Delegates ‘unwind’ on Lake Powell during work session
ŁICHÍI’II-JÁDÍ TÓ, Ariz.
Naabik’íyáti Committee delegates toured Tooh Bikooh and Ch’áayahii during a work session last Thursday.
Delegates who attended the session first met inside Antelope Point Marina’s floating restaurant, after which they toured the floating village to see safety and shoreline issues with the Glen Canyon National Recreation Area.
Delegate Paul Begay Jr. said his colleagues visiting the area is the first step in protecting the sovereignty and the economic interests of the Nation.
“We need to work together with the Department of the Interior to provide a stable future for our Navajo people who are directly impacted by the receding water levels of Lake Powell,” Begay said.
Leonard Tsosie, vice chairman of the Naabik’íyáti’ Tó Niłtólí Task Force said the group and its advisory committee – comprising Floyd Stevens of Coppermine, Jerry Williams of LeChee, Michael Anderson originally of Kaibeto, Hank Stevens of Navajo Mountain, Erik Stanfield, and delegates Herman Daniels, Otto Tso, Nathaniel Brown, and Thomas Walker – toured the lands near the reservoir.
“So, at one time, in the 1980s, the dam did fill up only one time,” Tsosie said. “Even at that time, the water was not reaching the Navajo Nation because there’s a five-foot difference.
“It’s intentional to have Navajo Nation not touch the water,” he said. “So, we believe that the Navajo leaders thought they’d be able to use the water. That’s when the drought came in and the water started going down.”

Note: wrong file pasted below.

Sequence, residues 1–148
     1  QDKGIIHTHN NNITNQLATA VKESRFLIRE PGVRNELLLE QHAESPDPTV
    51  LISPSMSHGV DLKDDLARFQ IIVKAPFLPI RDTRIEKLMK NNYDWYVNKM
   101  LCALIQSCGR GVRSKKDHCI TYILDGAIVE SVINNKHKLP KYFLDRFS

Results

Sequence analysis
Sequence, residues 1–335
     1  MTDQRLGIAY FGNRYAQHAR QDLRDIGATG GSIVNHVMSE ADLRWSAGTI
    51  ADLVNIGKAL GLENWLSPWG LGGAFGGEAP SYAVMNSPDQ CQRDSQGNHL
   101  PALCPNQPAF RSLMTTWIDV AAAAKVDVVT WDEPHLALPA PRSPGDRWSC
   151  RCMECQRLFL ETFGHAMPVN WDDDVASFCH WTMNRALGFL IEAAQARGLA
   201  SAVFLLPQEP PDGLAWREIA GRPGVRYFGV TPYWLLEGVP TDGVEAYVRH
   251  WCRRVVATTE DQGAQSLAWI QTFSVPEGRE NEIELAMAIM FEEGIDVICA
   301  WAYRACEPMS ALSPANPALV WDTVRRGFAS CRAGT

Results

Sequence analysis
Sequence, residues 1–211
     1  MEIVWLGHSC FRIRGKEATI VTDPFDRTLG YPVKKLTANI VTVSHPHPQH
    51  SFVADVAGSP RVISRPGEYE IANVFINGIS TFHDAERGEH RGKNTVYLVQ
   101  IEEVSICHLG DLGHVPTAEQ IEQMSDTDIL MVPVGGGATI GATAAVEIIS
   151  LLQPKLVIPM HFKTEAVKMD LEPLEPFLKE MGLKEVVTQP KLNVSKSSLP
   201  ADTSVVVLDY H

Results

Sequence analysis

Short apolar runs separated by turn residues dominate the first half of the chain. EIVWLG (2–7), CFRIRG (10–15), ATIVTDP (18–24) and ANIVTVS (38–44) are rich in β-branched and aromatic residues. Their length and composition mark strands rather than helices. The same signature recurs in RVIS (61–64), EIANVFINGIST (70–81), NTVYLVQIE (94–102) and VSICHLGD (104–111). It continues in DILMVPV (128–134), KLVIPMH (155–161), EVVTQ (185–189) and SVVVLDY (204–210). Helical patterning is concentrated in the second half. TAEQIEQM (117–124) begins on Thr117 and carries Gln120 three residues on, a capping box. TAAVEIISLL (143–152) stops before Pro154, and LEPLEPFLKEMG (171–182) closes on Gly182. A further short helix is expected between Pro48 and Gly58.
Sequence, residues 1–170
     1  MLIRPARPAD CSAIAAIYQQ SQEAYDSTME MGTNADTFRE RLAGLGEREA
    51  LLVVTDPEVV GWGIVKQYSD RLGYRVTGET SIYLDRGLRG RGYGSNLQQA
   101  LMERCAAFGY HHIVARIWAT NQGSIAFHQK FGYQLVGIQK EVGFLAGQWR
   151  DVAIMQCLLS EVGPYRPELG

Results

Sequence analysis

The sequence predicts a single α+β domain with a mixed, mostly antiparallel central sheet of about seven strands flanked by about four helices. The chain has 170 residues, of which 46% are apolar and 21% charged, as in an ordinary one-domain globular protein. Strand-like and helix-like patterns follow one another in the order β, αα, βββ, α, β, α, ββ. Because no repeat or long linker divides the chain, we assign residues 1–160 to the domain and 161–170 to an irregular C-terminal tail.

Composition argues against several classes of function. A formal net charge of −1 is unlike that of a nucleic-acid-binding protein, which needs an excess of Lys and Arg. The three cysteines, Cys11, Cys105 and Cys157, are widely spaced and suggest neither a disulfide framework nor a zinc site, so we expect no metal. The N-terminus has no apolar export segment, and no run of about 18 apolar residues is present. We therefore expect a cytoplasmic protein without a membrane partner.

Tsosie said the lowering water levels is a big issue, especially for the Nation. He said if the drought continues, it could reach “dead pool,” where the water no longer goes through the dam.
Melvin Schoppmann, director of business development for Antelope Point Marina, said when the Nation and the park service in March 2001 selected Paradise Valley, Ariz.-based Antelope Holdings LLC to develop and operate the $75 million marina and resort, there was no much on the site.
“It was the largest platform at the time in the U.S., at the time it was installed,” Schoppmann said. “The project, it had two purposes – it’s referred to as a Navajo site and Navajo jobs and Navajo economics.”
But the issues here, Schoppmann said, are frustrating for visitors.
“Since we can’t launch the bigger boats here, we’ve actually lost customers to other marinas,” he said.
The marina employs about 350 employees, a majority of which are Native Americans and some who travel a long distance for work every day.
“We’re very concerned and the Navajo people are really missing out on a lot here,” said Lorin Cummings, Diné, who’s the chief financial officer for Antelope Point Marina.
“It’s very tough to make sure that everybody is safe,” said Kelleroy Bennett, who runs the maintenance crew at the marina. “Park service makes it very hard for us – it does. So, it’s very hard to comply with everything.”
During the tour, some of the delegates took a dip in the water and had lunch near Navajo Canyon.
“This is the best work session ever!” shouted Delegate Nathaniel Brown, who offered tá’dídíín to Tooh Bikooh.
“This is how we unwind,” Begay added.
Another delegate joked the delegates were using American Rescue Plan Act money to travel on the river.